An inch of snow fell on the Cameron Peak fire overnight Monday, helping to drop temperatures and suppress the fire, according to an update on the fire's Facebook page.
The unusually cold temperatures and snow conditions in early September come after the fire exploded in size over the weekend as strong winds and high temperatures fueled the fire's growth to become the fifth largest fire in state history at 102,596 acres as of Tuesday morning.
While the lower temperatures and moisture will provide reprieve to the 829 firefighters battling the blaze Tuesday, it won't be enough to squelch the fire completely, Alissa Tanner, a spokesperson for the fire said.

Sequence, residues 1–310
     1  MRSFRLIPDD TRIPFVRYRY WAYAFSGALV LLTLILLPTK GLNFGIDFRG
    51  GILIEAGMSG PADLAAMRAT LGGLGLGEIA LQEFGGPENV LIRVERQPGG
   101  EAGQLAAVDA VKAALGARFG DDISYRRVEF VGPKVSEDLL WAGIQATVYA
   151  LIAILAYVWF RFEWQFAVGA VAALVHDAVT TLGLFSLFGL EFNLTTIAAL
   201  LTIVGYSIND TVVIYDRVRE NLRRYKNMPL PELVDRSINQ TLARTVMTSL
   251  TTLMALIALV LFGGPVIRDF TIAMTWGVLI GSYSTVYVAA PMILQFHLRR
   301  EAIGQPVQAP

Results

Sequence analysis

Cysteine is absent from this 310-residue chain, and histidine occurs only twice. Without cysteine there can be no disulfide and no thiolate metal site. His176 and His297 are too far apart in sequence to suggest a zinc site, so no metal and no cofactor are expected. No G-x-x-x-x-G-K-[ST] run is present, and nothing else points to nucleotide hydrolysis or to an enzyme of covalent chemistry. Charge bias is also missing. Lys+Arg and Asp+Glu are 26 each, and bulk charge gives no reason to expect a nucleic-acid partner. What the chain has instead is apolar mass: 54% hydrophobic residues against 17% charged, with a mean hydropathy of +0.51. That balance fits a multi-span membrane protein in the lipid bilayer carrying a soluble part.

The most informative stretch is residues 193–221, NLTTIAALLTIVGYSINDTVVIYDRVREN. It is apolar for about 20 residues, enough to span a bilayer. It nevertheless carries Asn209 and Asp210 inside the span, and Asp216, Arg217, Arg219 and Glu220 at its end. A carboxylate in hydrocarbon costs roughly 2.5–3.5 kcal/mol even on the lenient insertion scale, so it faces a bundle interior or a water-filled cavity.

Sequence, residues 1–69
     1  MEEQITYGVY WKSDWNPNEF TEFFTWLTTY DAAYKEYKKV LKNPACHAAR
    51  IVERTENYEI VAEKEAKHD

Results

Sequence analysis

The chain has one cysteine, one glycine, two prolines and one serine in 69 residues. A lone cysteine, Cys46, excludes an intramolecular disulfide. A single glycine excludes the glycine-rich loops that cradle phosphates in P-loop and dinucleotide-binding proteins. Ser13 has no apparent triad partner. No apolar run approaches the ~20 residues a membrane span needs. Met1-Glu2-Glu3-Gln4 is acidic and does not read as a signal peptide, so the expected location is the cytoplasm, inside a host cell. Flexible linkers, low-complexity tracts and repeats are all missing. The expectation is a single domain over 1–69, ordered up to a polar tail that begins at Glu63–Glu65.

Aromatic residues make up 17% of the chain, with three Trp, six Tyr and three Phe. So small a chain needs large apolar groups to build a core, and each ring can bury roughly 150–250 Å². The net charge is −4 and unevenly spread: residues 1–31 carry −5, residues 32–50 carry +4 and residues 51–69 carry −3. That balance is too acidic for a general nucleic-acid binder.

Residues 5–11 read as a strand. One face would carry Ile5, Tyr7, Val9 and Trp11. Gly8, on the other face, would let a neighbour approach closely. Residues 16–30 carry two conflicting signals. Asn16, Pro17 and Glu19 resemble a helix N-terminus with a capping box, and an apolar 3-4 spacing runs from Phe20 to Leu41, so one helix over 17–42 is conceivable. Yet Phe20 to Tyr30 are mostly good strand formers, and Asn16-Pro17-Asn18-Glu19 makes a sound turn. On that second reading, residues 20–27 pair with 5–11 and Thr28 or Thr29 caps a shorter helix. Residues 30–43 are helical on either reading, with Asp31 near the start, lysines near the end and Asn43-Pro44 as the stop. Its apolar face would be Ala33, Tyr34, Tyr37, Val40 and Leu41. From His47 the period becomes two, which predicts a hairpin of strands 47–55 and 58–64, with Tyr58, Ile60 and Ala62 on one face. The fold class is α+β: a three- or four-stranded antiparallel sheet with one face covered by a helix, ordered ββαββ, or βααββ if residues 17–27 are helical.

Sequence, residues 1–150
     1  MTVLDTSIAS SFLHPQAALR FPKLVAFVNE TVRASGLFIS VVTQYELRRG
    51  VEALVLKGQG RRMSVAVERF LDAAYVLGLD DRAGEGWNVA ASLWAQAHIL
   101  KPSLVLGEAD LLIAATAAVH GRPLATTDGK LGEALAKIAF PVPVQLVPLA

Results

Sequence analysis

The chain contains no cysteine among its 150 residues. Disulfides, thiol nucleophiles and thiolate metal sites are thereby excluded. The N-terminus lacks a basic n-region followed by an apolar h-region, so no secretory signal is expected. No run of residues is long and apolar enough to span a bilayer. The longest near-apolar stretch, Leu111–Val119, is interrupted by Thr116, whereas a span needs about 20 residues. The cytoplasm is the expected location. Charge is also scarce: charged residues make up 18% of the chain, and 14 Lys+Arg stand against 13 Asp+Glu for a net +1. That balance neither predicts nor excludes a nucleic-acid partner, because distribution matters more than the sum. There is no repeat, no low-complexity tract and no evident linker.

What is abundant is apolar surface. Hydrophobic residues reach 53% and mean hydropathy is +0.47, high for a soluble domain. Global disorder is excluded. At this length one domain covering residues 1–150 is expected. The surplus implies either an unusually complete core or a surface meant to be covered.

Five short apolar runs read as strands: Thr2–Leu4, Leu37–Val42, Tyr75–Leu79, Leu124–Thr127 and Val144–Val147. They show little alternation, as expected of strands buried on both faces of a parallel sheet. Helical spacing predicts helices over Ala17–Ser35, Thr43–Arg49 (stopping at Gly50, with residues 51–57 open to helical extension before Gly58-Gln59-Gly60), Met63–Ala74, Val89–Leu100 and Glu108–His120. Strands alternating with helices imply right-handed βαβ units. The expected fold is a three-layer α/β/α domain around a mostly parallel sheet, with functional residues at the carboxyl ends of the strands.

"This year's drought sucked the moisture out of everything," Tanner said.
The lack of moisture in the vegetation means even with a day or two of snow or rain the fire will persist because temperatures will rebound into the 70's this weekend an onward.
Tanner said "season ending events" would be needed to totally extinguish the fire, such as a series of heavy snows or a lasting change in the weather conditions.
The fire's containment is still 4%. Tanner said the steep terrain where the fire is burning as well as the type of vegetation that's burning — tall conifers and Lodgepole pines with shallow or dead root systems — make the conditions extremely dangerous for firefighters to build containment lines.
Tuesday, the fire ranked as the state's top priority for wildfires. Firefighters will work on putting out hot spots around the fire's perimeter and use the days of cooler temperatures and moisture to get ahead on putting out the blaze, Paul Bruggink, another spokesperson for the fire said.
Sections of Larimer County are under mandatory evacuation orders while other parts are under voluntary evacuation orders. Find out details on evacuations here.